Describing the Indescribable by Marcel Jean (24 Images no. 159. Oct-Nov. 2012)

Gaza Strip: A Palestinian demonstrator runs through a cloud of tear gas

So many questions. Can we undertake the psychoanalysis of a nation, searching through the miasma of images that represent a country? Can we order these images in a way that might express a history large enough to include an unconscious transmitted by cinema? Can we make people see the country that so many refuse to see? Can we recreate the territory that has been denied again and again? Can cinema offer at least one image of a land to a population that has lived too long in privation (is it possible to starve the imagination?) What mythologies might provide a foundation for the Palestinian nation struggling to be born today? These questions and so many others are set into motion in the turbulence of Lacan Palestine, the latest cinematographic essay by Toronto’s Mike Hoolboom. He digs into the work of his colleagues Velcrow Ripper, Elle Flanders, Tamira Sawatzky and Dani Leventhal. He steeps himself in newsreel images, and steals from Hollywood super productions, including multiple versions of The Ten Commandments. In this new movie, Hoolboom rethinks the genre of found footage film in the light of psychoanalytic history, flipping the question of Palestinian in all directions to offer a portrait that is complex and paradoxical.

The opening of the film shows us a child travelling. In the earliest hours of morning, in darkness, he’s alone carrying his luggage from one bus to another. We learn at the end of the movie that his name is Jihad. He’s not yet five, and he’s going to meet his father. The father that we will never meet. The adventure of Jihad sends us back to Mike Hoolboom’s quest, a quest for origins, a kind of enormous historical regression in audio-visual memory, a path where it’s easy to get lost. It is a journey with so many free associations, surprises, shocks, scary moments, dreamy reveries and introspection. This beautiful experiment is as noble as it is absurd, the intractable struggle continues, and in the midst of this fine searching a single certitude emerges. We are really in front of something that we can call cinema. Its striking intelligence and sudden illuminations confront us with a singular and authentic cinema. In the acrobatic editing, in Hoolboom’s control from the beginning of the film to the end, there is something shining, urgent, burning. There is a nearly blinding dimension to this accumulation of fragments that impels the viewer to re-see the movie as soon as it is finished. To observe again its folding parts, to find the hidden meanings, to meditate again and again on its implications.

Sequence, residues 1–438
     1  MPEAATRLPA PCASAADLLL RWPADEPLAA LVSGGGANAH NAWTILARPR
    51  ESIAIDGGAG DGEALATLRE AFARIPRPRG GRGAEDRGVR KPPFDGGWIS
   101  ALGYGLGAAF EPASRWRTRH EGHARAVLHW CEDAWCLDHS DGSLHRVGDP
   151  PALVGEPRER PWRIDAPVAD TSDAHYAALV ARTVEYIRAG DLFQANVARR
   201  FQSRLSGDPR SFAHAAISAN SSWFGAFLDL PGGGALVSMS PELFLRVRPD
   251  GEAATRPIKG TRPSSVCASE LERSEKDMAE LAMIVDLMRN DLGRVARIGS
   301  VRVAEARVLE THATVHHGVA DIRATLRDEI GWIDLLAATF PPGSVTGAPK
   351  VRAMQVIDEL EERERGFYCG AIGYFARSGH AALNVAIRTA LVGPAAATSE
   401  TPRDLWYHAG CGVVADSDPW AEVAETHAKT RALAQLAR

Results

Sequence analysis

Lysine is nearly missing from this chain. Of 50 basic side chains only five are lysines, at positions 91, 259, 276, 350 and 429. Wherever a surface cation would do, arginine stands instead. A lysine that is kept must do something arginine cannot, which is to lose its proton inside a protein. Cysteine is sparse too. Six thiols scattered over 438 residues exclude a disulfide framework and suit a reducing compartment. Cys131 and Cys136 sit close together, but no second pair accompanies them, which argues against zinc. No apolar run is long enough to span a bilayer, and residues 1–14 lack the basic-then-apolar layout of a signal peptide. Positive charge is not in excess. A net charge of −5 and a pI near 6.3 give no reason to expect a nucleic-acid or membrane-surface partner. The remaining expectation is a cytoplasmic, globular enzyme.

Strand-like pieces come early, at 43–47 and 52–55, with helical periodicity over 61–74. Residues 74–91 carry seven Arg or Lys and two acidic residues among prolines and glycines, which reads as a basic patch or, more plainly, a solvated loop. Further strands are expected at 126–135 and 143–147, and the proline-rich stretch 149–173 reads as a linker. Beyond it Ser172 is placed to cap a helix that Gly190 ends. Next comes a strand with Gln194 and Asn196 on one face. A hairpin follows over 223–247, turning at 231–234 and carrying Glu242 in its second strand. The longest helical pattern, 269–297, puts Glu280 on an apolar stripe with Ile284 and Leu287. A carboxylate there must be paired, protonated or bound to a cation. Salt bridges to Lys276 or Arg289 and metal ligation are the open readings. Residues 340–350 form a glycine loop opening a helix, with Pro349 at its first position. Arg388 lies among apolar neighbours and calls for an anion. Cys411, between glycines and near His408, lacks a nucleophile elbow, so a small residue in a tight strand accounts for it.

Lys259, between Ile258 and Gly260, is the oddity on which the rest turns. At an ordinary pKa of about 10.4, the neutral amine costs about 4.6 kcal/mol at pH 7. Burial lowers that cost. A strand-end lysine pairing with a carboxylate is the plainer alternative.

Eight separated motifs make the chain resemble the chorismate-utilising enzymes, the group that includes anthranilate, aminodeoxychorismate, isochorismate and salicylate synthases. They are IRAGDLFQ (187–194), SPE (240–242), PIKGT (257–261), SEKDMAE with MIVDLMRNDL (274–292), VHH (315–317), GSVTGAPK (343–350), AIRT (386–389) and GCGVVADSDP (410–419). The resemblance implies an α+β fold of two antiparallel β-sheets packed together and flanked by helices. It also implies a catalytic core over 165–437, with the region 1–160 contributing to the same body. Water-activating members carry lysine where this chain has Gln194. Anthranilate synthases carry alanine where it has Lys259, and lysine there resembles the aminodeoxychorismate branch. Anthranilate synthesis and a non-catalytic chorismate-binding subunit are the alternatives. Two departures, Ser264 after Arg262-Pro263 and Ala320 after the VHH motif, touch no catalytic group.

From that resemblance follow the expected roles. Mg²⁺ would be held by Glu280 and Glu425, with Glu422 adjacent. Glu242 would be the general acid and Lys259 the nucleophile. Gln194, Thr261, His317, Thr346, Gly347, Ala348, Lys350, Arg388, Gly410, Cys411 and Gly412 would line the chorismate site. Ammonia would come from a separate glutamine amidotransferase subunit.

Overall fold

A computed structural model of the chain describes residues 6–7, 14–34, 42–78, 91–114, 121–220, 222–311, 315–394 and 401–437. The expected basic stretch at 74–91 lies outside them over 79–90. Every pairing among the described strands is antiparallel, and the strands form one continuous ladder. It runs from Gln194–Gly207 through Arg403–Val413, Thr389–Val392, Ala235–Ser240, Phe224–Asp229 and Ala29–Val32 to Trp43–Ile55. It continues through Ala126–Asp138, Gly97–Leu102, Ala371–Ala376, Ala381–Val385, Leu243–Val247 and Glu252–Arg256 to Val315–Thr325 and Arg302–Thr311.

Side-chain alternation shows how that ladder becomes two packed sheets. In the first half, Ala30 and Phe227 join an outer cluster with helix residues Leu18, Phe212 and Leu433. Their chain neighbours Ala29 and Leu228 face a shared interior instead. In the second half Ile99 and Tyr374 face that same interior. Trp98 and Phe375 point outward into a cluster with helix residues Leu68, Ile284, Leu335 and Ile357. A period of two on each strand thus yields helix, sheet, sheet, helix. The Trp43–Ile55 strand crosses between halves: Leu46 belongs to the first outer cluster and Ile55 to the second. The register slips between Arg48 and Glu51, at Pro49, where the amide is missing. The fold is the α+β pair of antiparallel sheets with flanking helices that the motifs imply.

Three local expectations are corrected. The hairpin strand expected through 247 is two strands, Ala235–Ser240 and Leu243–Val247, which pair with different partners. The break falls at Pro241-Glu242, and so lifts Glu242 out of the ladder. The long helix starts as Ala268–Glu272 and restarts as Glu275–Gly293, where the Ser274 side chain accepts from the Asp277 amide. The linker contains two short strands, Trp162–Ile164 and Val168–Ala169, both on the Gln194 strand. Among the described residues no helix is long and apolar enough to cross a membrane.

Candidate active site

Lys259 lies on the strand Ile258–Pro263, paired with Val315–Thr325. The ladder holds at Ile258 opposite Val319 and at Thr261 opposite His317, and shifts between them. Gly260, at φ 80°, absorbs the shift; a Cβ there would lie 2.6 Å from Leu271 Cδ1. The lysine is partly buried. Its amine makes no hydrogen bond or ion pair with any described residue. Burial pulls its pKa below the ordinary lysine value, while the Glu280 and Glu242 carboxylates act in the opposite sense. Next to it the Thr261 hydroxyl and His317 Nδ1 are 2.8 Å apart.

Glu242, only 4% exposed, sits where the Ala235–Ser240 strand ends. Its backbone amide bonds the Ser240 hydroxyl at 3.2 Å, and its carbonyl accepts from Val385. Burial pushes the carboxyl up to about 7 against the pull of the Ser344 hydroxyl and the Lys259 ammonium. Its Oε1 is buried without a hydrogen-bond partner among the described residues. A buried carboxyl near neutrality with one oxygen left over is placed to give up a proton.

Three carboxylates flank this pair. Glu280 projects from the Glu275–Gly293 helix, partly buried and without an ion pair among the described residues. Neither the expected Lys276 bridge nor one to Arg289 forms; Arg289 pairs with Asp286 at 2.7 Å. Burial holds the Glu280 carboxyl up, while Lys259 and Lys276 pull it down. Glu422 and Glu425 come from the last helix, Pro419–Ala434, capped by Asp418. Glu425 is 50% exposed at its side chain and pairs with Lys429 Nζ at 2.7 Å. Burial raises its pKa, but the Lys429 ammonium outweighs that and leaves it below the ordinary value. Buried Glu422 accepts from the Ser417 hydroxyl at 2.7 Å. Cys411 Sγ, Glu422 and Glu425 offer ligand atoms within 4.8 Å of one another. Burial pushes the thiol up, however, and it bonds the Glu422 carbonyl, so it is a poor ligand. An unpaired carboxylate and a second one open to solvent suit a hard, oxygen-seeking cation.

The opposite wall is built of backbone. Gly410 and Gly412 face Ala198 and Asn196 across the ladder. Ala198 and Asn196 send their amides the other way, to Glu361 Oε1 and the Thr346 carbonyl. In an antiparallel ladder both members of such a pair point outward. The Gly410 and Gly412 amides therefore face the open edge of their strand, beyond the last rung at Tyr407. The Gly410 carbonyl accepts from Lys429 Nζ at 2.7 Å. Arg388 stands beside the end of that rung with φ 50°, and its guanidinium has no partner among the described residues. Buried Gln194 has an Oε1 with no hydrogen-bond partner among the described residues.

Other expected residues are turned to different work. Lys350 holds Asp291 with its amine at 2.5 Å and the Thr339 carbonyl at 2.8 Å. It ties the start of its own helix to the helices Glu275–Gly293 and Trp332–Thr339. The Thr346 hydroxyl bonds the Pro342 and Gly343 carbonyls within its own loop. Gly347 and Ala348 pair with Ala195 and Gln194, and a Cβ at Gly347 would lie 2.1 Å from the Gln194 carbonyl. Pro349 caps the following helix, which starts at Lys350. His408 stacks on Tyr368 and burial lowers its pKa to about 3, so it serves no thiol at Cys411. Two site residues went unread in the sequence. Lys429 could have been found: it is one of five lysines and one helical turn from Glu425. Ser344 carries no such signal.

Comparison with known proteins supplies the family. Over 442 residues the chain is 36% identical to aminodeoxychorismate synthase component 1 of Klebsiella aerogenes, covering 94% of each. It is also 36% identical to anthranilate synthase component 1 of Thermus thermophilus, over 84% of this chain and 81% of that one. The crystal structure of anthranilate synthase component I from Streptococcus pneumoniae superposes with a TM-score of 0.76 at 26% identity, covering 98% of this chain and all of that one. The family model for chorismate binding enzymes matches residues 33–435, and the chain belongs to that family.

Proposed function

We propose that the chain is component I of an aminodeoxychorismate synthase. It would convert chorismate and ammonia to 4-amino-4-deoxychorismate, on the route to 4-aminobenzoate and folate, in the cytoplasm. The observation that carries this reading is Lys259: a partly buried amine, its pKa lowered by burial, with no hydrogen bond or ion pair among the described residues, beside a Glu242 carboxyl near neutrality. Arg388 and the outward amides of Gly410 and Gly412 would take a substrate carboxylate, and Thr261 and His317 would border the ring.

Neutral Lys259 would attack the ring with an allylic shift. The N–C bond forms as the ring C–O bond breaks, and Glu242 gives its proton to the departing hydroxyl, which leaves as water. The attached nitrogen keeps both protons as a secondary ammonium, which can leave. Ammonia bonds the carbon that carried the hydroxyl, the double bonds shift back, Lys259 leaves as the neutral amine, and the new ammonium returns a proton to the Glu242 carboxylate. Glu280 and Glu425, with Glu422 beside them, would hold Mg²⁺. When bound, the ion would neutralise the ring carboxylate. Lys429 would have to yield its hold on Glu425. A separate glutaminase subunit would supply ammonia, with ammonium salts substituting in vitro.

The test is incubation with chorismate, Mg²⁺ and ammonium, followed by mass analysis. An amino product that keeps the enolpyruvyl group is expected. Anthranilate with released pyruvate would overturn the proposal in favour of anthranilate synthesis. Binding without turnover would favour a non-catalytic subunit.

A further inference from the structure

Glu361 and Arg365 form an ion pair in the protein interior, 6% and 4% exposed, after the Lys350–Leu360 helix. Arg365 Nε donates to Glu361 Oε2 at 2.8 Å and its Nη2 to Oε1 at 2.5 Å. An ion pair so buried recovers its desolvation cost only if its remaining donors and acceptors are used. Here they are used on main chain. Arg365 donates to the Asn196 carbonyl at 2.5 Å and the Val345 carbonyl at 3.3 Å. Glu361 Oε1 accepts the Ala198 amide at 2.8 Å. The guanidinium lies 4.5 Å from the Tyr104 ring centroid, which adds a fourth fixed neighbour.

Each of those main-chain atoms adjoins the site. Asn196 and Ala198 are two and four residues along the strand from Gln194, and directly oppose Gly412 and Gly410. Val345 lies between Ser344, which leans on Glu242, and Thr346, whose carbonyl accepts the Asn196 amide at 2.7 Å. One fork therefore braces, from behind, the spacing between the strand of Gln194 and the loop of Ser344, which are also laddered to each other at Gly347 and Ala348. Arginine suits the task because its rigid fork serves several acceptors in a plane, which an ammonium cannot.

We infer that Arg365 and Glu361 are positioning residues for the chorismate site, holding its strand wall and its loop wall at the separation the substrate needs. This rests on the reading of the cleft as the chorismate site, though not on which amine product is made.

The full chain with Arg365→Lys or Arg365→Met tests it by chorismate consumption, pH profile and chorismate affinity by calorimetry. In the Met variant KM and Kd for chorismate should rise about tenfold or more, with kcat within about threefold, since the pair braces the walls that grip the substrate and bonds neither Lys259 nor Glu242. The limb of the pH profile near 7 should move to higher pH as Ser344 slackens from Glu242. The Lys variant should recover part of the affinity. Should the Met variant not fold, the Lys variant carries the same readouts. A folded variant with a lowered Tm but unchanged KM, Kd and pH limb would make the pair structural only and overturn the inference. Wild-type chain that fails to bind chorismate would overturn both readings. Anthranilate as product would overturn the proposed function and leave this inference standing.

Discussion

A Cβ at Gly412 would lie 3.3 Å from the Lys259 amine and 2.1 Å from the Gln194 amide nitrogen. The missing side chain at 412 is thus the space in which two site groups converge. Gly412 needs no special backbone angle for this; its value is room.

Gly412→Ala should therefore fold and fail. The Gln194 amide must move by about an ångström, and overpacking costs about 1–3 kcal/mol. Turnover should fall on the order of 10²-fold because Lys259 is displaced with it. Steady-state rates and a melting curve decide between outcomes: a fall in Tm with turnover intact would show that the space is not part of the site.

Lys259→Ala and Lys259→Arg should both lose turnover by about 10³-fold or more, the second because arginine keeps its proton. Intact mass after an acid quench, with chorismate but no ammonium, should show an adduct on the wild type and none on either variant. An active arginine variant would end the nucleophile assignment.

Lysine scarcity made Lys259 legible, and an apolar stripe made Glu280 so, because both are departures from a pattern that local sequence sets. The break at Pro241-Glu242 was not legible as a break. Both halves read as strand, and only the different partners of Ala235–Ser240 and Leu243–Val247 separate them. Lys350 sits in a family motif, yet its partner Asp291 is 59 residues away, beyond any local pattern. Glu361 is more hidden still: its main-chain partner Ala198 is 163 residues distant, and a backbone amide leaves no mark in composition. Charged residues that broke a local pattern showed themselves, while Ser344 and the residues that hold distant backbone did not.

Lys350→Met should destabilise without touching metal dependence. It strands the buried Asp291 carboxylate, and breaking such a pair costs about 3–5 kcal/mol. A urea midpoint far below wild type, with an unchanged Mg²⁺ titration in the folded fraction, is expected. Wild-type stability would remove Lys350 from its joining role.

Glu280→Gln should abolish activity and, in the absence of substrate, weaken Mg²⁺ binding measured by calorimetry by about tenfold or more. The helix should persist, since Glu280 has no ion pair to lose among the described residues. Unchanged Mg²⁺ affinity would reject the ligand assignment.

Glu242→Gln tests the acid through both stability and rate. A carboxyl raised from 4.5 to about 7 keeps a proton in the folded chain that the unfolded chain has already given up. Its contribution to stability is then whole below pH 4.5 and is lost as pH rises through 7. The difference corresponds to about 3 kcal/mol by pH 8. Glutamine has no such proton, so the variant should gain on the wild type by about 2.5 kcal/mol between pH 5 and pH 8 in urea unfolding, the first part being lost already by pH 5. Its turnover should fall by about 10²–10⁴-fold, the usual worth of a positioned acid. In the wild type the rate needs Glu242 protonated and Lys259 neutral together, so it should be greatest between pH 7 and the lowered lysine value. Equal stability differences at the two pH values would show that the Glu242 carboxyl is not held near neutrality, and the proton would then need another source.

Hoolboom based his work on the psychoanalytic reflections of Mike Cartmell, a filmmaker himself, who invokes his own trauma in his attempts to name the social behaviors that embody mythical structures. How can we get along? “How can we live in accord with one another in any way?” Cartmell offers poetic answers to this question using the quintet of John Coltrane as an example, five powerful personalities. Each musician plays a different instrument, expressing their singularity, but together they create a collective expression (Cartmell consciously refuses to use the word ‘harmony’). Here the social body does not negate the individual, individuality is not a form of sublimation. Instead, the basis of agreement, of our group work, of music even, is the necessity for solitary expression. Is this a fantasy? Regarding the couple Palestine-Israel (maybe) without doubt. But it is a fantasy that haunts Hoolboom in the endless images of couples kissing, embracing, coming apart and beating each other while conquests succeed, death stalks and walls rise.


How might one describe the undescribable? This is the unreasonable task (but can any real creation be reasonable?) that the filmmaker undertakes. Lacan Palestine appears to be the result of an obsession and logically delivers his obsessive images. I will just quote one. On a barber chair, a child is having his head shaved. A strand of hair falls on the floor in great chunks from an increasingly denuded head. Lice are running everywhere, panicking now that they’re deported. Their universe is devastated. Lice… looking at that shot we all become lice.